95% of mobile phone users leave location data more unique than fingerprints
0. phoneArena 31 Mar 2013, 12:10 posted on
It's common knowledge that everyone has a unique fingerprint physically, but would you be surprised to learn that a vast majority of mobile phone users leave a location data trail that is unique enough for law enforcement to use it; tracking the pinging of phones by cell towers, a study was done using 18 months of phone calls and SMS messages in an unnamed western country...
This is a discussion for a news. To read the whole news, click here
1. Gtrav (Posts: 13; Member since: 31 Mar 2013)
Anything connected to the internet can be tracked pretty easily. Now we just make it easier to track us by giving our location with google 24/7.
6. lyndon420 (Posts: 2719; Member since: 11 Jul 2012)
You are aware that you can opt out of all that in Google settings right?
2. Nathan_ingx (Posts: 3135; Member since: 07 Mar 2012)
This is scary... We won't feel free to move around soon!
4. Droid_X_Doug (Posts: 5993; Member since: 22 Dec 2010)
Which was why all of the uproar ensued when it was learned that Apple was tracking iPhone users - without asking their permission or encrypting the data.
The same outrage applies for any app that tracks without getting explicit opt-in permission.
11. Rehankhan (Posts: 323; Member since: 24 Oct 2012)
Don't worry you can't be tracked in india
3. lyndon420 (Posts: 2719; Member since: 11 Jul 2012)
10. rusticguy (Posts: 2828; Member since: 11 Aug 2012)
When Apple is beneficiary you already know ... price is 20 times what it would be if it was otherwise because in cases of otherwise it becomes FRAND ...
5. JohnnyBravo (Posts: 105; Member since: 02 Dec 2012)
I think the scary part is that this research was done before the smartphone "boom." Can you imaging the acuracy now??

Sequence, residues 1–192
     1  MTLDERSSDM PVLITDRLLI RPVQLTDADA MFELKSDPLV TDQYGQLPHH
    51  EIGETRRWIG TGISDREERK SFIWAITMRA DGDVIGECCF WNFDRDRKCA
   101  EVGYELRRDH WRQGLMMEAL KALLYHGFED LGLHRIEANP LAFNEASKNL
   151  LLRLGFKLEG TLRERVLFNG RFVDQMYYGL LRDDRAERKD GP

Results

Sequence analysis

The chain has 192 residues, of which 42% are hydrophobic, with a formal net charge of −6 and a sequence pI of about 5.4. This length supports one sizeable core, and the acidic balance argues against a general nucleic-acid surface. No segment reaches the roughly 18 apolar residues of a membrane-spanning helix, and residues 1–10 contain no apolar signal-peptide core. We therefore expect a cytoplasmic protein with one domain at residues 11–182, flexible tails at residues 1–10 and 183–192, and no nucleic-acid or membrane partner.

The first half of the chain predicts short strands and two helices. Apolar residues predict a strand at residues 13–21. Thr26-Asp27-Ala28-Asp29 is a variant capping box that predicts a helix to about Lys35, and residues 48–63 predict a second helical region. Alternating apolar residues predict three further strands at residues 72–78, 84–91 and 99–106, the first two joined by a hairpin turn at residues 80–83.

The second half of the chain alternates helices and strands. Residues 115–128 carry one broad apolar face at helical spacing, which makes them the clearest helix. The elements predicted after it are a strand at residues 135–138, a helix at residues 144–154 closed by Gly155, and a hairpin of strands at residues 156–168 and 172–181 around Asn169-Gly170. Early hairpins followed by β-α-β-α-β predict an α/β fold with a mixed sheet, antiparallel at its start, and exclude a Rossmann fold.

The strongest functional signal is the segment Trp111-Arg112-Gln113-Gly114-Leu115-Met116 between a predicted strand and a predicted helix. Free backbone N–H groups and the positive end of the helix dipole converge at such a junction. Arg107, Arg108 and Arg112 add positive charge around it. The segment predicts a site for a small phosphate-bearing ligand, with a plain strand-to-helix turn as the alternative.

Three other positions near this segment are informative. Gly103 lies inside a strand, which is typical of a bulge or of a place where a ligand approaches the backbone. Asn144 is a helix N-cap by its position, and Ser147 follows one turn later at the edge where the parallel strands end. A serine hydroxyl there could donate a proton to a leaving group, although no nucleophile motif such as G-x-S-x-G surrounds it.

"your honor you can clearly see that John Doe went to Dunkin Doughnuts before walking to his ex-girlfriend's and hiding behind the bushes at 12:56pm. After taking a couple pictures of his ex laying near the pool he proceed to his near by Gamestop at exactly 28:54 later."
7. lyndon420 (Posts: 2719; Member since: 11 Jul 2012)
And what if John Doe was just trying to get his phone back from his ex? Probably tired of paying her phone bill and simply just wants to give it back to the carrier so he can get on with his life. Then what? The c*nts are the ones who win in court...never the good guys.
9. Tux_Alan (Posts: 74; Member since: 30 Jan 2013)
Wierd how our privacy is slowly (some might say rapidly) eroding and we all accept and even acclaim it lol And law makers are focusing on harnessing their new power rather than protecting individuals... either there's eventually going to be a schism in that pattern in a clash or the midrange future will be heavily policed and our lives will never be the same again.... imagine when electronic wallets become the norm...
12. EXkurogane (Posts: 863; Member since: 07 Mar 2013)
I dont see a problem with people seeing my location all the time. Im not a criminal, im not a MI6 spy, so what's the big deal? Geo tagging has helped my friend recover his stolen smartphone because the thief is an idiot who used the stolen phone right away, and many things like photos, location data are all auto-sent to a cloud storage used to track the thief down.
If you care so much about privacy, dont use the internet. The public can view my Facebook personal info easily without adding me, including birth date and photos, except mail and phone number. I dont see a problem with that.
13. DoorHandle (Posts: 1; Member since: 15 Apr 2013)
Take a look at how a tech startup mydoorhandle.com has helped African communities in informal areas use GPS technology on their mobile devices to get and share proper street adresses with eachother.